"Fuel-efficient SUV" used to sound like an oxymoron -- like "jumbo shrimp" and "business ethics." But a new crop of hybrid SUVs challenges that perception -- and now a full-sized Chevy Tahoe Hybrid is looking awfully good (another oxymoron). The 2008 Chevrolet Tahoe Hybrid 2WD will start at $50,490 with a 3 year/36,000 mile warranty, a 5 year/100,000 mile powertrain warranty (8 year/100,000 mile warranty on unique hybrid components) and an EPA fuel economy estimate of 21 mpg city/22 mpg highway. Let's drive.
To continue with the oxymorons, Tahoe is a little big. It shares its basic shape and size with the gasoline-only Tahoe -- 202" long, 79" wide and 77" tall riding on a 116" wheelbase. You're not going to miss the hybrid badging on Tahoe. "HYBRID" stickers with big drop-shadow letters run along each rocker panel; no fewer than four Hybrid logo badges sparkle around the body. The body treatment is more than a badge job, though more subtle. A lower front air dam, sleeker running boards and an overall aerodynamic spiffing up has resulted in a lower coefficient of drag (0.34 down from 0.36) and a slightly sportier appearance overall.
Beauty is in the eye of the beholder, especially when it comes to large SUVs. I really like Tahoe's lines. There's something retro and streamlined about the rake of the windshield and the general sleek, windswept look of the body. Since the concept of aerodynamics in vehicle design started during the streamlining age of the 1920s, it's no surprise that I detect a retro cast. That great big gold Chevy bowtie on Tahoe's front grille leaves little doubt about the vehicle's provenance.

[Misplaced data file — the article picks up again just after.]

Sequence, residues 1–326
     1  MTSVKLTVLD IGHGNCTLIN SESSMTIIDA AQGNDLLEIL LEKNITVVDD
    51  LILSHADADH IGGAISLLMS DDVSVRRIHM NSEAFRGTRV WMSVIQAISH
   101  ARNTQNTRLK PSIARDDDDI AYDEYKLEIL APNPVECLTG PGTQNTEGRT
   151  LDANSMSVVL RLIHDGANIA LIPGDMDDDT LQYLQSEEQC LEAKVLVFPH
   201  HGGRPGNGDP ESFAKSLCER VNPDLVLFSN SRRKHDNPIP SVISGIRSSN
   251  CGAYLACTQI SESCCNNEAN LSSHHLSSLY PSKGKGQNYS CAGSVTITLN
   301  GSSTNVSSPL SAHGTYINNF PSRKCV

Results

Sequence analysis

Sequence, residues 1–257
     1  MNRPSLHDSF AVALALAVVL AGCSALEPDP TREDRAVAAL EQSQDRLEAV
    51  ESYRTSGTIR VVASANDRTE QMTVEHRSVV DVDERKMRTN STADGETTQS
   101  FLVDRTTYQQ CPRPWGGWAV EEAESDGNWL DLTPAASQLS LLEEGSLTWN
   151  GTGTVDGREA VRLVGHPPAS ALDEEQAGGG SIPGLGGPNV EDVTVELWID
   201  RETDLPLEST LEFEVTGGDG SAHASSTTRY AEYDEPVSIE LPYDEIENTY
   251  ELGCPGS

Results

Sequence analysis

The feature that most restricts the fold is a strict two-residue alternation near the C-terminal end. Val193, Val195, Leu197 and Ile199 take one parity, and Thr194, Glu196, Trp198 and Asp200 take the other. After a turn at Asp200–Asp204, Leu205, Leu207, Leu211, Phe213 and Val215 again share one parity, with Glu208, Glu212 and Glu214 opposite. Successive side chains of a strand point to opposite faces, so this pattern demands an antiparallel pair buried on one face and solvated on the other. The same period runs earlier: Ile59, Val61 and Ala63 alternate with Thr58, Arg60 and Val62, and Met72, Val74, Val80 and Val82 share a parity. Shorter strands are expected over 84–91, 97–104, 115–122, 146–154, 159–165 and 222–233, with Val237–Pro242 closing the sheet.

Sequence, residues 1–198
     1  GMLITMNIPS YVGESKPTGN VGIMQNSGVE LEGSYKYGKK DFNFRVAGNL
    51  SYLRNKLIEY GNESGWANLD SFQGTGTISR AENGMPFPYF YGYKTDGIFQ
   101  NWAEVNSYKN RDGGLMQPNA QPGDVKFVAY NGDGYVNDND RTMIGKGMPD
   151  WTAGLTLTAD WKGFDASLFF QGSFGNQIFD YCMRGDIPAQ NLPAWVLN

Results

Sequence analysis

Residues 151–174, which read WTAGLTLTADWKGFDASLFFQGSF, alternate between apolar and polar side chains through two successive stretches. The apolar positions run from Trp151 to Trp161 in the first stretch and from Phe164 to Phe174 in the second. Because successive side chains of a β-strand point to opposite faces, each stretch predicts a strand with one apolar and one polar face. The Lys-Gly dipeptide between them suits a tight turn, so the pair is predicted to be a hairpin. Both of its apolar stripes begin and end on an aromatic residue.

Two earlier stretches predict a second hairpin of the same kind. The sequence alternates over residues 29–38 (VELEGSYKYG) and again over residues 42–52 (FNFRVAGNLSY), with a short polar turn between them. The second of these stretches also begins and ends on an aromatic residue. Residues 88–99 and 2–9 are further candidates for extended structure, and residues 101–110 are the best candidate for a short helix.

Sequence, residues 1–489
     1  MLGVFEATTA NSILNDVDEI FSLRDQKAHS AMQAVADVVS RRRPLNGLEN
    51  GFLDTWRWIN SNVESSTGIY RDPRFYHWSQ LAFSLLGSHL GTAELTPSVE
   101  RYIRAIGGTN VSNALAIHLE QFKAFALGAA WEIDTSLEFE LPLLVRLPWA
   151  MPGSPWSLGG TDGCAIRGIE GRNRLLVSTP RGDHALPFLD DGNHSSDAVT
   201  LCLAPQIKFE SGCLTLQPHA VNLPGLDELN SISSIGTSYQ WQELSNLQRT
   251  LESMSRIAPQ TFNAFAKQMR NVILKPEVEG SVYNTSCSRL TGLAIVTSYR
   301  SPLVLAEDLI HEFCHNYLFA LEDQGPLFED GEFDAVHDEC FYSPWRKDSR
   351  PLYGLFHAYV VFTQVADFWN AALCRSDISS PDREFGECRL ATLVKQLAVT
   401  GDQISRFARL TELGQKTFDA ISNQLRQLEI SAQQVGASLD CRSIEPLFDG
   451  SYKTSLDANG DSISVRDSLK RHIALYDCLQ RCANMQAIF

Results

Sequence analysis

Fit and finish on the Tahoe Hybrid was very good. After a few spotty years, GM has really gotten its act together. Paint quality, gaps and seams, and overall solid construction rivals the competition's best.
Continued below. . .
In the Driver's Seat
Newly familiar (oxymoron alert), Tahoe Hybrid's interior is the same upscale cabin that you'll find in the LTZ level of gas-only Tahoe trim. Am I the only one who hates fake wood trim on an SUV? Still, I have to rail against it, even if I can only let out an oxymoronic silent scream. Beyond the plastic wood, dash and interior materials are high quality. The rugged-feeling leather seating surfaces are a great match for an SUV, and give the impression that they'll last a long time and break in nicely. Time will tell.
If you don't pay close attention to the details, you might not realize that you're driving a hybrid SUV. Take a closer look, and you'll notice two distinct differences on the Hybrid's instrument panel. A small gauge on the upper left gives an analog rotary indication of "economy." During operation, when the needle points to the right, you're using more battery power; when it dips to the left, you're operating on gas only (lower economy). The other unique hybrid indication is the tachometer, also an analog rotary gauge. Where you'd expect to find zero rpm indicated on the scale, the tach reads "Auto Stop," and below that "Off." More about those settings later.
Tahoe's second and third rows are very roomy and comfortable, as you would expect from a full-size SUV. Even though there's nearly 17 cubic feet of luggage space behind Tahoe's third row, the area is very narrow. I had to fold down the third row to make room for a light grocery trip -- I could foresee a severe packing challenge on a family camping trip.